More than 130 Countries Agree on Minimum Corporate Tax

More than 130 countries have agreed to major changes in global corporate taxes, including a minimum corporate rate of 15 percent to prevent multinationals from keeping profits in countries with low tax rates.

The deal, announced Friday, is an attempt to tackle the ways globalization and digitization have transformed the world economy. The deal would allow states to tax a portion of the income of companies located elsewhere that make money through online retail, web advertising and other activities.

US President Joe Biden is also pushing for the deal as governments around the world seek to increase revenue in the wake of the COVID-19 pandemic.

The 136-nation agreement, which represents 90 percent of the global economy, was announced by the Paris-based Organization for Economic Co-operation and Development (OECD), which hosted the talks that led to the agreement. The OECD said the minimum tax would reap about $150 billion for the government.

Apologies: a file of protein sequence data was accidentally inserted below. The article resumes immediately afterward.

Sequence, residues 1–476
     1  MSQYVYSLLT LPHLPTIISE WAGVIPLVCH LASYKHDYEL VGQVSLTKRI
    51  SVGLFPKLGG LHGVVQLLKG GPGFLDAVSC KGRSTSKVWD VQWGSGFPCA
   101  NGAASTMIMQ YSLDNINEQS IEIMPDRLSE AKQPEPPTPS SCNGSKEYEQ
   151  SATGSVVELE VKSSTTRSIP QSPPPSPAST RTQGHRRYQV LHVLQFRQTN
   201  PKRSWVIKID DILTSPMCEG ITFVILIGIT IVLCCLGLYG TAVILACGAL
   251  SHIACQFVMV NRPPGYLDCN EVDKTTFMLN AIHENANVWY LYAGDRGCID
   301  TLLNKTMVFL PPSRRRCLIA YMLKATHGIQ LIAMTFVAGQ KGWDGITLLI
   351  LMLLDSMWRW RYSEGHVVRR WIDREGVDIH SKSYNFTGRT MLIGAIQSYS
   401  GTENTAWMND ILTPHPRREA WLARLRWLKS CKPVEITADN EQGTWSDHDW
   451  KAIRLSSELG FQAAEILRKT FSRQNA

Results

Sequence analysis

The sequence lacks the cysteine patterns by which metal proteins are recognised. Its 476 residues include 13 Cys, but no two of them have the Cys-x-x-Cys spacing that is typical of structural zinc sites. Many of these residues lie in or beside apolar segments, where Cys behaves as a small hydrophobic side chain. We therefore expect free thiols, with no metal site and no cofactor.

Big US tech companies such as Google and Amazon are backing the OECD negotiations. The reason, among other things, is that countries will agree to tax individuals digital services they have imposed on companies in exchange for the right to tax a portion of their income under the global scheme. (ka/lt)

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